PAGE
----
Tooling Around is an occa­sional series of posts talk­ing about tools –phys­ical and virtual.

It’s fair to say that Instagram is the Marmite of the photo-sharing applic­a­tions: some love it, some hate it. I’ve been using it for a few months, so here’s my mini-review.

So what makes Instagram dif­fer­ent from other photo-sharing applic­a­tions? After all, if you’re any­thing like us you’re already stor­ing pho­tos on Flickr, Tumblr and Facebook.

Well, there are a few ways in which Instagram seeks to be different:

Instagram is focused on pic­tures taken on mobile phones (ini­tially iPhone only, but now avail­able on Android phones as well). That’s not to say some people don’t use it for shots taken on a ‘proper’ cam­era, but it’s frowned on.

Pictures are lim­ited to a single fixed format; a square polaroid-alike shape. No mess­ing around with res­ol­u­tions or image types.

Instagram is set-up with the expect­a­tion that you’ll enhance your pic­ture with one of a num­ber of fil­ters (here’s a good over­view). There’s also the abil­ity to add select­ive blur­ring, a dec­or­at­ive frame, and an on/off bright­ness boost.  If you’re look­ing for com­plex Photoshop style colour-balance and image edit­ing, you wont find that here.

So, it’s pretty obvi­ously that Instagram’s aim isn’t photo-storage in the Flickr shoebox-full-of-old-snaps sense, but for a more cur­ated col­lec­tion of hope­fully styl­ish, arty and some­what retro pictures.

Now, as I alluded to above, the inter­net has some­thing of a love/hate rela­tion­ship with Instagram, so let’s looks at some of the anti Instagram argu­ments:

“It’s a hip app, for achingly hip hip­sters or hip­ster wan­nabes. Iphone using, latte sip­ping, ironic facial hair wear­ing hip­sters! And every­one hates hip­sters.”

Well, it would be fool­ish to deny that there are hip­sters on Instagram – but it’s hardly man­dat­ory. There’s no spe­cial check that you’re wear­ing thick framed glasses before you can sign up. Most of the people on there are actu­ally close to NFI (nor­mal for inter­net), and is shar­ing a photo ser­vice with a hip­ster really so bad? Can’t we all just get along?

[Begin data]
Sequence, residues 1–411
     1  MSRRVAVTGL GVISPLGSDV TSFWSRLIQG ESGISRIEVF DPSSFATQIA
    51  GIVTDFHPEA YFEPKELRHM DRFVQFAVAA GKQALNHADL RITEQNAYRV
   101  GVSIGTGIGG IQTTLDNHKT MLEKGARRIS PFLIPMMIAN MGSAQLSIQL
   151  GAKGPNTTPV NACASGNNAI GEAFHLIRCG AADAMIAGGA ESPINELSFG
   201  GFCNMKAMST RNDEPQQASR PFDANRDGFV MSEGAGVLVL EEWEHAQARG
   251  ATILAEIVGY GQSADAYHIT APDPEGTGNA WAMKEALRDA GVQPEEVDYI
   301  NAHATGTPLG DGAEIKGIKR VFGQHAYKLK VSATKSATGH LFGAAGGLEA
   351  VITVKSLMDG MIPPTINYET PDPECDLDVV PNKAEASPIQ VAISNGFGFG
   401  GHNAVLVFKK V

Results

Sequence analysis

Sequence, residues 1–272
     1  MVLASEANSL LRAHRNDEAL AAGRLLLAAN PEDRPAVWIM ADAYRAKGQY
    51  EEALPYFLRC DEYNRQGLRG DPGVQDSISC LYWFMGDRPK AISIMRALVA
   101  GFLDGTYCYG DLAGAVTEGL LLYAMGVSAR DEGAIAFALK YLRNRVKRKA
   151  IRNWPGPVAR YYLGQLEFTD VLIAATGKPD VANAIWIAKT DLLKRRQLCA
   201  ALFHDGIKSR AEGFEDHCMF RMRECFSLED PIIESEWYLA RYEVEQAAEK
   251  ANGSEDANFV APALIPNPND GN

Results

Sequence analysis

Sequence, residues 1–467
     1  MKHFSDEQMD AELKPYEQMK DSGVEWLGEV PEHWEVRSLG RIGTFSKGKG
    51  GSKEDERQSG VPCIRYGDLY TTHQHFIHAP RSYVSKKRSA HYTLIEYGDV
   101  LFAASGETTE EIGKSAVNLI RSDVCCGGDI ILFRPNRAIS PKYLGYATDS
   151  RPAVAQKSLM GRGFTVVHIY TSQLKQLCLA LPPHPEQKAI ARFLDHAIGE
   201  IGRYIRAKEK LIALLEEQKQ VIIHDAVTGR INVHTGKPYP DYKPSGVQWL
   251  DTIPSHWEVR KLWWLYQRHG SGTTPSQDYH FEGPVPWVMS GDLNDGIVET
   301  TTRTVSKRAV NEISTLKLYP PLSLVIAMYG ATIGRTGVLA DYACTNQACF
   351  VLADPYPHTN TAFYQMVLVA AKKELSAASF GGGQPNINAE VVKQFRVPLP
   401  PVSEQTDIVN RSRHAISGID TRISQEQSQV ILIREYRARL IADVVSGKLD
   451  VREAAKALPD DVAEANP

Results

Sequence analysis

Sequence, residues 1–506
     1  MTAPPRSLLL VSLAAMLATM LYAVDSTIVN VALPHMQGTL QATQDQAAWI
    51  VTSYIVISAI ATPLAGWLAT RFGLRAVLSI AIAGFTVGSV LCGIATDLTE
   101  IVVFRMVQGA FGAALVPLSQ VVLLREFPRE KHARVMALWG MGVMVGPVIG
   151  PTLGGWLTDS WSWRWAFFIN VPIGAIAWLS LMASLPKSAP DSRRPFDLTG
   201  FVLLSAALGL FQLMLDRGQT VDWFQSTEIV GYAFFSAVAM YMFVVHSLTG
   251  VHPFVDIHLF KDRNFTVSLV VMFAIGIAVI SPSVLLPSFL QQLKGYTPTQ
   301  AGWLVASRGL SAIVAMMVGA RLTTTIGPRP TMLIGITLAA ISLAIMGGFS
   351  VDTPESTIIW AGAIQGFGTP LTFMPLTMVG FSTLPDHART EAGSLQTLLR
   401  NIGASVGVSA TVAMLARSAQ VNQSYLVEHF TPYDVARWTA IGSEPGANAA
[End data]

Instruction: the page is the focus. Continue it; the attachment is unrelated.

• “Filters are just a easy way for bad pho­to­graph­ers to pro­duce decent images. It’s cheating!”

Again, this is not without some truth; and Instagram prob­ably isn’t for most pro-photographers – if you like using actual film, or nood­ling around with RAW format DSLR images, you may be hap­pier else­where. However, fil­ters aren’t a simple ‘make the pic­ture good’ but­ton, you can find plenty of bad pic­tures on Instagram, and plenty of bad fil­ter choices. It may be ‘cheat­ing’, but the import­ant thing is whether the final res­ult is any good, and a good photo plus a well chosen fil­ter can be. And again, remem­ber that the tar­get is pic­tures taken on mobile phones, which tend to be flat and ugly be default.

• “All these Instagram pic­tures look the same!”

Well, cer­tainly Instagram pref­er­ences focus over flex­ib­il­ity (some would say style over sub­stance), and the use of fil­ters can leads to a cer­tain degree of ‘Instagram style’ often being present. (This BBC art­icle addresses that very question).

Also, to be hon­est, some­times people do take sim­ilar pho­tos, as is bril­liantly lam­pooned by the ‘text only Instagram’ twit­ter feed.

But the fixed con­straints can lead to a cer­tain sort of cre­ativ­ity, kind of like the Dogme 95move­ment in film mak­ing; you’ve got a fixed tool­box, what’s the best pic­ture you can make with just those tools? It’s almost like a puzzle to solve!

So, yes, the anti-Instagram argu­ments have some valid­ity, but they’re mostly arguing about some­thing the Instagram isn’t try­ing to be. No, it’s not an all-purpose flex­ible photo-editing and shar­ing app. It is what it is, and if that’s not for you, fair enough.

I’ve been using it for a couple of months, and find it a fun diver­sion: here’s my photo gal­lery, if you’re interested.

As an aside, this series is called ‘Tooling Around’ so it’s fair to ask ‘is Instagram a use­ful tool for the crafty blog­ger?’ For me per­son­ally, the answer is no. It’s a fun toy, but when tak­ing pho­to­graphs for reas­ons other than fun, for example, product shots for our Etsy shop, we need a more ser­i­ous tool. For product shots, it’s import­ant that the pic­ture is a fair rep­res­ent­a­tion of the actual col­ours, for example, so the filtered and retro look wouldn’t work for us.

So that’s my mini-review. Why not let us know what you think in the com­ments below?

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